Last week I attended Web Summit, Europe’s largest tech conference. This was the first year they summoned in Lisbon, Portugal having been in Dublin the years prior. The conference brings together over 50,000 attendees, entrepreneurs, venture capitalists, globally renowned thought leaders and tech magnates as well as government officials ranging from city administrators to supranational institutions, such as the EU and the U.N.
Insulated by the high-tech, progressive and dynamic culture characterizing my home city Austin, I haven’t done enough to understand what is moving and shaking outside of our SxSW infused city limits. So when I received an email invitation and free ticket to Web Summit from Paddy Cosgrave at first I didn’t know what to think. It turns out the Web Summit organizers walk the talk when it comes to tech. Artificial intelligence is not just something their speakers talk about and their start-up attendees pitch. Web Summit uses AI and network algorithms to organize every aspect of their events! And this is how I ended up with free tickets to a conference I didn’t know anything about. Paddy’s algorithms had honed in on me based on my work, interest, connections and other facets that would be a good fit for the Web Summit. Maybe they figured I would be likely to write about it, like I’m doing now?
Despite an audience far too large for the hosting arena on the opening night (I didn’t get in), the overall organization of the conference was well-planned and thought out. Whereas SxSWi takes place at various hotel locations around Austin city center, Web Summit confines its happenings to the giant MEO convention center, which actually consists of three consecutive convention centers followed by the 15,000 person arena. So you could easily move from one session to the next without accounting for the time it takes to get from A to B. It also made it easier to leave after a few minutes if the session didn’t meet expectations, which I found was rare given the quality of the speakers. Each stage was assigned an overall theme, such as Robotics and AI, Money and Fintech, and Future Societies (these were the ones I traversed the most),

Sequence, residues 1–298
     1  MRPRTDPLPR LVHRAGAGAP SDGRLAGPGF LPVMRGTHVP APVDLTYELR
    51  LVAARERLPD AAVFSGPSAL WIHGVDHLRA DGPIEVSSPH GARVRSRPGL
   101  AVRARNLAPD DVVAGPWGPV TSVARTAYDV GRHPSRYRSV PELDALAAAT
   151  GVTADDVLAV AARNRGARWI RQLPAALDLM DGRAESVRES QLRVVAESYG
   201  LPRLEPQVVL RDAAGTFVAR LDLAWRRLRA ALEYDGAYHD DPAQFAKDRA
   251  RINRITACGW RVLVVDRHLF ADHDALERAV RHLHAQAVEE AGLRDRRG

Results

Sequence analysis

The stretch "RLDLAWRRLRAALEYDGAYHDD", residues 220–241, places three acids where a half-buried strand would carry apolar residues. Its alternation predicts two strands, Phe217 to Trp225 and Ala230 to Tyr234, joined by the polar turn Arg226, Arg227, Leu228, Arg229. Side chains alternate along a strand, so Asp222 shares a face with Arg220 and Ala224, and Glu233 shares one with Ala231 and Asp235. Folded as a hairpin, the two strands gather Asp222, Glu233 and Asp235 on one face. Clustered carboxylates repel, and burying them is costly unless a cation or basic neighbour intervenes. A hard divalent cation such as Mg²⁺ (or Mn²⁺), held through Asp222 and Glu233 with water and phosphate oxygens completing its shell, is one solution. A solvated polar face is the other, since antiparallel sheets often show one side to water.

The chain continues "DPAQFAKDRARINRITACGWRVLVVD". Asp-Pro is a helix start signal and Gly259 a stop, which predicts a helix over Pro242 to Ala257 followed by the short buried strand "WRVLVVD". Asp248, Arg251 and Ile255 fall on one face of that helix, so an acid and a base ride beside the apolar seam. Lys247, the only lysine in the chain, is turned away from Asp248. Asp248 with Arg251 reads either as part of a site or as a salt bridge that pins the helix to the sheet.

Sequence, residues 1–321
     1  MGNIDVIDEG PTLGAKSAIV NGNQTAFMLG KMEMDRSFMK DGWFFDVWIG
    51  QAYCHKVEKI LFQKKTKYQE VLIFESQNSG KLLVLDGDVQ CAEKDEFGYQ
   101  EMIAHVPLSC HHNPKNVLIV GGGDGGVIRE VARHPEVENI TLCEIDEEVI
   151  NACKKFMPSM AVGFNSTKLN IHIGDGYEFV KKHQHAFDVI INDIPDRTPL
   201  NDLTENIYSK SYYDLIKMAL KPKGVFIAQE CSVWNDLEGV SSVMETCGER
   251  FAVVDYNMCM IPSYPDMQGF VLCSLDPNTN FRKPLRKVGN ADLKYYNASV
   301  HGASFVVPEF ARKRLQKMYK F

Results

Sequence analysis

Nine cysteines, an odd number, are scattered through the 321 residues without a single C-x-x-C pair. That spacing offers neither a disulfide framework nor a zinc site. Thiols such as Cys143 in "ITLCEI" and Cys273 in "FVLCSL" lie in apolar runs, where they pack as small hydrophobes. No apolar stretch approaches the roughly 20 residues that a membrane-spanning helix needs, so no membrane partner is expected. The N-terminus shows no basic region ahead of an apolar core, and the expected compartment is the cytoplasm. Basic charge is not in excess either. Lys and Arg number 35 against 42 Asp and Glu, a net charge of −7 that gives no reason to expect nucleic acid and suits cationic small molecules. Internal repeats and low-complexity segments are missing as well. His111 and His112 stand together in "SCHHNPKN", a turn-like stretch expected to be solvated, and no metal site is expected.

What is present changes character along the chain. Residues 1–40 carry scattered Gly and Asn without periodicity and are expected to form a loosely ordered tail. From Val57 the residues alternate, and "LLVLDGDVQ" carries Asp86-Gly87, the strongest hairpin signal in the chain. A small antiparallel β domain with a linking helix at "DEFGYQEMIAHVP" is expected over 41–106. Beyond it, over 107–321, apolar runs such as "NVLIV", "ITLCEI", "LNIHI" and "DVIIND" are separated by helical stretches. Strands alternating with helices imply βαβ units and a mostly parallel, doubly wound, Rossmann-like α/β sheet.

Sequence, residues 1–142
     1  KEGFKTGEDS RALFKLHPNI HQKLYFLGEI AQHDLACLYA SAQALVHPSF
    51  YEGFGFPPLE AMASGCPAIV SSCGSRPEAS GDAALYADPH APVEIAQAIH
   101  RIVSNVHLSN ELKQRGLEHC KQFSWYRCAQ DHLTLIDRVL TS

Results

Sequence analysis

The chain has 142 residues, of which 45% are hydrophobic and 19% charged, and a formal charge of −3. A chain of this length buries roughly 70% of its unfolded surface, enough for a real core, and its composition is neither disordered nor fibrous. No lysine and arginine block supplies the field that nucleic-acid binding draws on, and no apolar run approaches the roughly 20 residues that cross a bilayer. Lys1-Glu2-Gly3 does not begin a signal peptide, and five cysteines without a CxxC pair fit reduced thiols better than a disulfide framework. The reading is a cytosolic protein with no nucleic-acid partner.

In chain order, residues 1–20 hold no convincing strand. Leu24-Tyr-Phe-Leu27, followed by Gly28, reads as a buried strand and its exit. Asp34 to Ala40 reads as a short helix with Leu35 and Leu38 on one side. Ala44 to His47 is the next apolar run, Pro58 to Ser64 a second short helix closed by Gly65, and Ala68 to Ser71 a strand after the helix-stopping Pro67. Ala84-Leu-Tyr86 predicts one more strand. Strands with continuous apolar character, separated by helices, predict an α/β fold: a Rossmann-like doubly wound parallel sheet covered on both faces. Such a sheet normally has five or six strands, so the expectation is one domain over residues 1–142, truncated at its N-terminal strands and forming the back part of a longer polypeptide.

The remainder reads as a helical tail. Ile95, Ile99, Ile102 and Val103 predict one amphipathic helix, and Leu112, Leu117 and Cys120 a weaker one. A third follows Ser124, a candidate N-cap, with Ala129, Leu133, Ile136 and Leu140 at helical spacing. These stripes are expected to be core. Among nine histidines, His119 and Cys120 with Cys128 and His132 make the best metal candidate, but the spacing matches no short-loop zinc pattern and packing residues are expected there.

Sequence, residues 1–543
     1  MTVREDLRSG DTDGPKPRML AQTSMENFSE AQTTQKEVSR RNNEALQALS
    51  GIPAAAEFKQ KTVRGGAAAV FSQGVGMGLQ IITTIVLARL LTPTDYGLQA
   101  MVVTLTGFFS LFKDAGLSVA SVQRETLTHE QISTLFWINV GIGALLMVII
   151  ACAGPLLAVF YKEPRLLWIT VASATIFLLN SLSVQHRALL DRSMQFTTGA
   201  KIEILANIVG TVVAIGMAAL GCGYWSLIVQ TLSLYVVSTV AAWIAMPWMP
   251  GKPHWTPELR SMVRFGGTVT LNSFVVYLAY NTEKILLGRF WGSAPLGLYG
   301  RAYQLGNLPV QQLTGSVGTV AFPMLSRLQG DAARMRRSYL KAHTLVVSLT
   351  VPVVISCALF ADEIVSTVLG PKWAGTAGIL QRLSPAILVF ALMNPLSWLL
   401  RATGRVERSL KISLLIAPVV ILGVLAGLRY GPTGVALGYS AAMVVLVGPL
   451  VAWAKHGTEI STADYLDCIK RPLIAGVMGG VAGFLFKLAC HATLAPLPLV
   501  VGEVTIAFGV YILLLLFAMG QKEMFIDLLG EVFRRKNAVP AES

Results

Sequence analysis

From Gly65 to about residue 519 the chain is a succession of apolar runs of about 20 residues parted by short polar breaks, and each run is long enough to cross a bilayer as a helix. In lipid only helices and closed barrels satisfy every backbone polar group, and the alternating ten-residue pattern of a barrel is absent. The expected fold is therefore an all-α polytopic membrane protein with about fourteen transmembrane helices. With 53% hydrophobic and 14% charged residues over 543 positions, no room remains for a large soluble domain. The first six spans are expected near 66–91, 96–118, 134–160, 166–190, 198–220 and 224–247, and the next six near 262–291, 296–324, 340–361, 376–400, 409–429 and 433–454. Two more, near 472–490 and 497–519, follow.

The Night Summit is where much of the networking takes place. I was lucky to make several new contacts, some whom I am thankful to include into the fold of new friends, and I was able to strengthen existing connections. It is usually in these moments, where dynamic, future-oriented people from many countries are packed together that you get the inkling of where our future is headed next.
Asking ‘so what’
The “so what” question tends to filter everything I absorb at these types of conferences. I was thankful that most of the sessions went deeper than the typical one-dimensional, somewhat naïve techno-optimistic narratives. Most panelists asked critical questions, more interested in seeing technology as neutral tools which can augment social good and bad. While I’m in technological awe with most of the startups pitching their products, the future needs more of us than merely being clever. It’s not enough for your gadget to pass the Turing test. I often think that to survive in an age where everybody wants to build a better mousetrap, your ideas have to pass the “Enduring test”. Not only does the product have to satisfy a distinct future need, the idiosyncratic social contexts within which these ideas are being implemented matter a great deal as well. For a startup to succeed, anticipating how human behavior succumbs to mercurial forces are at least as important as promoting a product which makes rational sense. The speakers’ ability to observe darker social forces is exactly why I didn’t want to be any other place the day after the U.S. election.